By passing the Energy Freedom Act last year, the South Carolina General Assembly took a first step away from the energy-production monopolies that have saddled our state with some of the highest electricity bills in the nation, and toward real competition through an open market of many buyers and many sellers that will provide downward pressure on the cost of producing energy.
And when state lawmakers reconvene Sept. 15 in Columbia to wrap up the 2020 legislative session, there will be an opportunity for our state to take the next step.
First, though, some context: Over 60 years ago, the General Assembly began passing laws that provided mega-utilities with service-area monopolies and guaranteed them a generous return on their invested capital. That made sense then, given the high fixed costs of building plants and power grids and the general difficulty the South had at the time in attracting investment capital. That same model is essentially still in place today, with Santee Cooper, Duke Energy and Dominion Energy holding the territorial monopolies.
But as the nuclear-facility debacle in Fairfield County illustrated, with $9 billion having been spent by Santee Cooper and SCE&G (and to be paid for by their customers) on a now-abandoned project, there are dangers inherent in this model. Mega-utilities with service-area monopolies will inevitably pursue capital-intensive projects because the return they get is directly related to what they spend. There is little incentive for them to embrace cutting-edge technologies in order to lower energy-production costs for the benefit of consumers.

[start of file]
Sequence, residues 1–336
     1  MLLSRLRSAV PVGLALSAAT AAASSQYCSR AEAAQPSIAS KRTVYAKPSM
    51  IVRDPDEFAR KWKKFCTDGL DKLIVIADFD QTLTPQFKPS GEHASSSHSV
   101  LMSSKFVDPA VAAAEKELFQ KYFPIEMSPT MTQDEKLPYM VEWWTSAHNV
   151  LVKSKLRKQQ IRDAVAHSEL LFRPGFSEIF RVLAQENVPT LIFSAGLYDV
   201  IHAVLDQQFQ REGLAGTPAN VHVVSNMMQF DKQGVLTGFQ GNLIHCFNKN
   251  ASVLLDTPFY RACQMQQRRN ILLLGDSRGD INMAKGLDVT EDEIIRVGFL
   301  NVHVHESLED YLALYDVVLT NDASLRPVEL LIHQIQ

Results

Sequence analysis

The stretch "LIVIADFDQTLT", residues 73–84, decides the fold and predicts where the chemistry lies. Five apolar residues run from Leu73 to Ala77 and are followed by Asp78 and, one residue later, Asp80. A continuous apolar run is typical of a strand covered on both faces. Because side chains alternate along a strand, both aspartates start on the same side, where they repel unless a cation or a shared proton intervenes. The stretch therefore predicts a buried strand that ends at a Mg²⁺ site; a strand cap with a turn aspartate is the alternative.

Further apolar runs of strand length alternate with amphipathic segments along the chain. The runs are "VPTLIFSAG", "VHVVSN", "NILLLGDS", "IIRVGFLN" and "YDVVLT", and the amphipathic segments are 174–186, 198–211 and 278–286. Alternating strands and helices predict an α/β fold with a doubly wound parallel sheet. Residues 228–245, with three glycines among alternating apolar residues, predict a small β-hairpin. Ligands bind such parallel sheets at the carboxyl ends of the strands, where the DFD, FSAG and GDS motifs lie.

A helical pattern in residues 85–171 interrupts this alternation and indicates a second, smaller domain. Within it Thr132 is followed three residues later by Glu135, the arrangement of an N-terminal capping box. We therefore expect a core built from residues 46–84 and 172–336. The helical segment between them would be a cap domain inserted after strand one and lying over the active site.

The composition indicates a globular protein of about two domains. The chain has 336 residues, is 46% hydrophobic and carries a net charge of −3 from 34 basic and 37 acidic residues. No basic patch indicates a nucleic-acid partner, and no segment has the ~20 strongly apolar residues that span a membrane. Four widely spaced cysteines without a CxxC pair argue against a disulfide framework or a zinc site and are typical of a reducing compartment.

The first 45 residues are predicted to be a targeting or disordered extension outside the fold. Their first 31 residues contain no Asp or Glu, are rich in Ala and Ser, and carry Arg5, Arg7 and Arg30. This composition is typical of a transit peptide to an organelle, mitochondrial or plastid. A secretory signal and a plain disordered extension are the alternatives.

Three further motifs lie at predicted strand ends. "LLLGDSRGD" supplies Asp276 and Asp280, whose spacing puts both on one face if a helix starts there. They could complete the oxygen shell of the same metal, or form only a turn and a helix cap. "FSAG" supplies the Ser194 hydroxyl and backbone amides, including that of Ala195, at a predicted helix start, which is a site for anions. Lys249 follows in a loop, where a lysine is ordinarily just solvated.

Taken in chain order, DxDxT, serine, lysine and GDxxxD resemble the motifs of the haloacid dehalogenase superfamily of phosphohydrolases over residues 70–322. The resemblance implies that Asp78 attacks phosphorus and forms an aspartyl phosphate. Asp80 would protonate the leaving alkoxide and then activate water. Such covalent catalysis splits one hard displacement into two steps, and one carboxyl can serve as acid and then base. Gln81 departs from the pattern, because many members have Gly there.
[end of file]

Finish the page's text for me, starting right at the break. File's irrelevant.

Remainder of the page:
The Energy Freedom Act put a first dent in these monopolies by saying if an independent power producer demonstrates the ability to generate electricity more cheaply than a mega-utility, then that independent producer must be allowed to sell that power to the grid, with savings being passed along to consumers. The goal here is clear: for consumers to pay rates that are a function of what competition in the energy-production market dictates, as opposed to simply paying a mega-utility a guaranteed rate of return on its invested capital.
The next step toward that goal is for the General Assembly to formally study how our residents and businesses can benefit from a fully competitive market structure through a Regional Transmission Organization, and to lay the foundation for our state’s move away from its vertically integrated utility model, in which monopolistic utilities own generation, transmission and distribution assets. The House has already passed a bill to create a committee to study the RTO model, and the Senate should follow suit when it reconvenes next week.
The utilities with the monopolies are now putting together something called a Southeast Energy Exchange Market in which they would buy and sell electricity from each other as needs dictate. But whatever short-term merit there might be in this arrangement among monopolies, state lawmakers must keep their eye on the prize of open and competitive energy production markets. And to its credit, Duke Energy — the holder of one of territorial monopolies in South Carolina — recently assured lawmakers that it supports the creation of the study committee.
There has been an explosion in information and communications technology that, in other parts of our country, has revolutionized every aspect of the electricity-supply chain: technology that makes it much easier to communicate, coordinate and automate grid interactions and facilitates access to new market participants that are naturally incentivized to innovate. The Energy Freedom Act started to clear the way for these innovations, but monopolistic clutter remains. A regional transmission organization study committee is the next logical step.
Tom Davis is a state senator representing portions of Beaufort and Jasper counties.